Fairmont: SCC Raises Hurdle for Rectification
On December 9, 2016, the SCC released two highly anticipated judgments
on rectification. The court dismissed the taxpayer's appeal in Jean Coutu Group (PJC) v. Canada (Attorney General) (2016 SCC 55; see "PJC: The SCC Restricts Rectification," above) and allowed the Crown's appeal in Canada (Attorney General) v. Fairmont Hotels Inc. (2016 SCC 56).
The SCC held that a grant of rectification requires more than a general
intention to pursue a transaction in a tax-neutral manner; a specific
intention must be present and expressed in definite and ascertainable
terms. The court specifically overruled Juliar v. Canada (Attorney General) (1999 CanLII 15097 (ONSC); aff'd. 2000 CanLII 16883 (ONCA)), which was found to be irreconcilable with the SCC's guidance in Performance Industries Ltd. v. Sylvan Lake Golf & Tennis Club Ltd. (2002 SCC 19).
In Fairmont, the taxpayer sought to unwind certain transactions
in a tax-neutral manner. After a share redemption inadvertently
triggered a foreign exchange gain, the taxpayer applied to change the
redemption to a loan to avoid the unintended tax liability. Lower courts
granted rectification on the basis that the taxpayer possessed a
continuing intention that the transaction be tax-neutral (Fairmont Hotels Inc. et al. v. AG Canada, 2014 ONSC 7302; Fairmont Hotels Inc. v. Canada (Attorney General), 2015 ONCA 441).
Brown J, writing for the 7-2 majority, held that the application for
rectification should have been dismissed because the taxpayer could not
show that it had a prior agreement that was incorrectly recorded in the
legal instrument; it sought rectification to amend the agreement itself.
A common continuing intention was not sufficient in the absence of
evidence identifying the terms either omitted or recorded incorrectly
and which, correctly recorded, would have been sufficiently precise to
constitute the terms of an enforceable agreement.
Writing for the dissent, Abella J found that this result unduly narrowed
the scope of rectification in the common law as compared with civil
law, and frustrated the purpose of the remedy. In her view, the
civil-law and common-law approaches to rectification in the tax context
were based on analogous principles consistent with Juliar. Although the SCC's prior decision in Quebec (Agence du revenu) v. Services Environnementaux AES inc. (2013 SCC 65) did not expressly comment on Juliar,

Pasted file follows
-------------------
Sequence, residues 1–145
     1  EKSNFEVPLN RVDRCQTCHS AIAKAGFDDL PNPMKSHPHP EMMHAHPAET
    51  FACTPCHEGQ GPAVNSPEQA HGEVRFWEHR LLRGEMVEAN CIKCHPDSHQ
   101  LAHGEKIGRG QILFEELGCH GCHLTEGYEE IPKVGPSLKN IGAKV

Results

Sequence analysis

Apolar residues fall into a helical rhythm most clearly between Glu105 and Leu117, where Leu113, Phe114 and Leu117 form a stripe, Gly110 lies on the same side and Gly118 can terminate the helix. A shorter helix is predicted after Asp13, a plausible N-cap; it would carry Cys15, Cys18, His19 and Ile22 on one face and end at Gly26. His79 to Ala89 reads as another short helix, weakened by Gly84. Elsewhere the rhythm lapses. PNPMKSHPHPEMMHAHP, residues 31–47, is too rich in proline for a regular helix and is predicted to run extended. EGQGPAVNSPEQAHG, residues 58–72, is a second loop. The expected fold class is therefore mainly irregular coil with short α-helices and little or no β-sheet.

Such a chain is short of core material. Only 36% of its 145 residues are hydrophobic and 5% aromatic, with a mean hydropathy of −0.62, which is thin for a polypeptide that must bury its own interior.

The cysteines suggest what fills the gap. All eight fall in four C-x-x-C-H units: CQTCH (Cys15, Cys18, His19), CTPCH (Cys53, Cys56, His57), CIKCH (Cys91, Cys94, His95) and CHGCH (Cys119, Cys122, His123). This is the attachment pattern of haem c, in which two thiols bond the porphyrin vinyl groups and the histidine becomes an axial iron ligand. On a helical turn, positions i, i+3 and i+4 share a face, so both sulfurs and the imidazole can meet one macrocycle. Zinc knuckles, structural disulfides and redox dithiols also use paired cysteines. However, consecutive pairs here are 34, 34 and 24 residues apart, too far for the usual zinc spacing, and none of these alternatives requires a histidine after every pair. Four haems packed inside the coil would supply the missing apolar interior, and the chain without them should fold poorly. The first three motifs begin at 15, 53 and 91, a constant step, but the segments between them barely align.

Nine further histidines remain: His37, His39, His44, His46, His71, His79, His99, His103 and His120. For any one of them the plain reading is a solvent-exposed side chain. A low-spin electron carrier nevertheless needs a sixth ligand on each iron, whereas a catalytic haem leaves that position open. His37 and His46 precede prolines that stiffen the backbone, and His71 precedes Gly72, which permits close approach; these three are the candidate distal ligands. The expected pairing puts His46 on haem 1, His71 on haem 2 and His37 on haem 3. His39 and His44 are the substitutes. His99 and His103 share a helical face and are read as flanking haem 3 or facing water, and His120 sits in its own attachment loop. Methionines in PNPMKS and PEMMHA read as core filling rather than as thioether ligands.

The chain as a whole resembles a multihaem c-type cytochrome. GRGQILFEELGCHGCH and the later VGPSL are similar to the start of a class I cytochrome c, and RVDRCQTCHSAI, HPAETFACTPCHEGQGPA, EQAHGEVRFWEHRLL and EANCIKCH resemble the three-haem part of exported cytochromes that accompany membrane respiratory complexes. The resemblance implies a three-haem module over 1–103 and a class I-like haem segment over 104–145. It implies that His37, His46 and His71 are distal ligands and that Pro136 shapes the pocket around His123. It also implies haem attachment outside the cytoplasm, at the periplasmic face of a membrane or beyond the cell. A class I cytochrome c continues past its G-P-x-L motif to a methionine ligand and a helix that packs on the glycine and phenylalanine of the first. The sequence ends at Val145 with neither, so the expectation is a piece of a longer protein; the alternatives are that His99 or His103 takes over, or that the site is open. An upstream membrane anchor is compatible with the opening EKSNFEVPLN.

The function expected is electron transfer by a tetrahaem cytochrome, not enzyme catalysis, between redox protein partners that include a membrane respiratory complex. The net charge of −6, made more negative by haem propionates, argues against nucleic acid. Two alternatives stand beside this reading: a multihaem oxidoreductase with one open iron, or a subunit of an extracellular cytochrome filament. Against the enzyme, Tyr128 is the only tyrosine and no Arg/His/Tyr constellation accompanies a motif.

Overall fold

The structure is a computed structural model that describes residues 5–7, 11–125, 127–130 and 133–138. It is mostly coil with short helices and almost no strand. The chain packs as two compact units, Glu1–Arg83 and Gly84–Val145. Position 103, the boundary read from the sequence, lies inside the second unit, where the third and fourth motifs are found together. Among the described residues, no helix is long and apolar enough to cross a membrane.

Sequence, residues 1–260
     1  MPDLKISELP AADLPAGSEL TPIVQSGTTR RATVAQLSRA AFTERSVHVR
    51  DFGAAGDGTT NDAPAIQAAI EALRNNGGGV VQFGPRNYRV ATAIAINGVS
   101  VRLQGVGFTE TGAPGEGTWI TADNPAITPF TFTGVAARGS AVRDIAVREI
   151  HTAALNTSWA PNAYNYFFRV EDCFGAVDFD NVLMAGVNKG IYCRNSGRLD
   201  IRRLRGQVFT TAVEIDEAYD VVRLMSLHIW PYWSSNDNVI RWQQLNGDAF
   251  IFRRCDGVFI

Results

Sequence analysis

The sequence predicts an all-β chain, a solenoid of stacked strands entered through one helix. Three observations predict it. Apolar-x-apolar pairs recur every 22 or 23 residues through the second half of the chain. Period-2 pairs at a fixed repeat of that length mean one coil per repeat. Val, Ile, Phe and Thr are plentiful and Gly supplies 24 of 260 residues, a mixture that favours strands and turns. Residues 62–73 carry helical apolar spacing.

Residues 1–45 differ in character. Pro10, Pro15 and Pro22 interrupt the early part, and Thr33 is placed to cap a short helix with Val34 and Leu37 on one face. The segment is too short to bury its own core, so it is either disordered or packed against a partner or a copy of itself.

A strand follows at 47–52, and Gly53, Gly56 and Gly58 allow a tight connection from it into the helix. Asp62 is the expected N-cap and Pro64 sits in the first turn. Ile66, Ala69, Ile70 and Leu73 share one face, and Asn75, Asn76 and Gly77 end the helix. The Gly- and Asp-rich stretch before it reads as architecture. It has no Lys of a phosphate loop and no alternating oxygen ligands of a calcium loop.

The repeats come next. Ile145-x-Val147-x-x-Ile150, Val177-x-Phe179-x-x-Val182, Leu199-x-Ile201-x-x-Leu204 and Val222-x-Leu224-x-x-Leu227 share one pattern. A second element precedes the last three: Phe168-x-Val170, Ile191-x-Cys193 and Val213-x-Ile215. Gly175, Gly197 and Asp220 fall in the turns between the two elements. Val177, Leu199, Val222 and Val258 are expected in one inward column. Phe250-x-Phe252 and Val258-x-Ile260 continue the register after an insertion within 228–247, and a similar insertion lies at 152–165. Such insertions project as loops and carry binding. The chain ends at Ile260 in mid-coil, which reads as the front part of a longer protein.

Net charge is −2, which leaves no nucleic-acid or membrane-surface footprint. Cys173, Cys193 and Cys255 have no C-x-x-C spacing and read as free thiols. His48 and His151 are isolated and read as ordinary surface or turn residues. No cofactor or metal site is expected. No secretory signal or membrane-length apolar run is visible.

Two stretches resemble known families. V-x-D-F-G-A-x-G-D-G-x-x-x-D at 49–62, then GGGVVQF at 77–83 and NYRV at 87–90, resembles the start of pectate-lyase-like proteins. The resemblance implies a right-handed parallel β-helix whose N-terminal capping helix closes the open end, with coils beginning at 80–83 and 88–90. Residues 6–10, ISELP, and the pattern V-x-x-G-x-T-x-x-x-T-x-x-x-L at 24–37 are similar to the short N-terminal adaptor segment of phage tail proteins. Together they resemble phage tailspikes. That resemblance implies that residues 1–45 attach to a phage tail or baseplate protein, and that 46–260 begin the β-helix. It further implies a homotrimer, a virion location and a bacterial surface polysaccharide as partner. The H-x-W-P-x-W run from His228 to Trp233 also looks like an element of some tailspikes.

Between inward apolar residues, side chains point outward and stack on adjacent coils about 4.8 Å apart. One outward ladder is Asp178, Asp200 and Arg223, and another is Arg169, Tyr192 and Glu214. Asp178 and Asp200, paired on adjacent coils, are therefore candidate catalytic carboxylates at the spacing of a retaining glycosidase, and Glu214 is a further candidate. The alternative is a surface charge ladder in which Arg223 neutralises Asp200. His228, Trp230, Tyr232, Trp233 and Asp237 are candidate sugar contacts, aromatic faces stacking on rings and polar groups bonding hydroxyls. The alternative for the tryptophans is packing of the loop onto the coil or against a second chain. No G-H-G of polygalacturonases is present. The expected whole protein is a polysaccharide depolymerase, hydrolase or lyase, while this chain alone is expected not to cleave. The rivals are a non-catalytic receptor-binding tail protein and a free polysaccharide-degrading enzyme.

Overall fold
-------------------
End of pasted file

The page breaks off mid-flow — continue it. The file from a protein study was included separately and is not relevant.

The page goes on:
that case was decided on the basis of the true intention of the
parties. Abella J wrote that departing from these principles and
allowing the CRA to profit from legitimate tax-planning errors is akin
to a windfall amounting to unjust enrichment. Abella J found the
majority's decision imposed a "uniquely high" evidentiary threshold.
In my view, the majority's concern about the use of Juliar to
undo tax liabilities stemming from poor planning or risky transactions
may have led to the narrowed test. As Abella J noted, the courts have
recognized the distinction between legitimate mistakes and attempts at
retroactive tax planning, and have granted rectification in many
instances involving errors of implementation.
In light of these two decisions, tax advisers should take greater care
to ensure that the intention of a transaction is articulated in definite
and ascertainable terms when they draft recitals to agreements and
resolutions—particularly since the CRA will assess on the basis of the
documents as they exist (Income Tax Technical News no. 22,
January 11, 2002 (archived)). When faced with unintended results, and if
rectification is no longer available, taxpayers should consider
correcting resolutions (Twomey v. The Queen, 2012 TCC 310) or other equitable remedies such as rescission (Re Pallen Trust, 2015 BCCA 222, and Stone's Jewellery Ltd. v. Arora, 2009 ABQB 656). Also, in Telus Communications Inc. v. Canada (Attorney General)
(2015 ONSC 6245), the court was prepared to use its "equitable
jurisdiction" to relieve taxpayers from the effect of their mistake if
they were not entitled to rectification under the principles established
Shea Nerland LLP, Calgary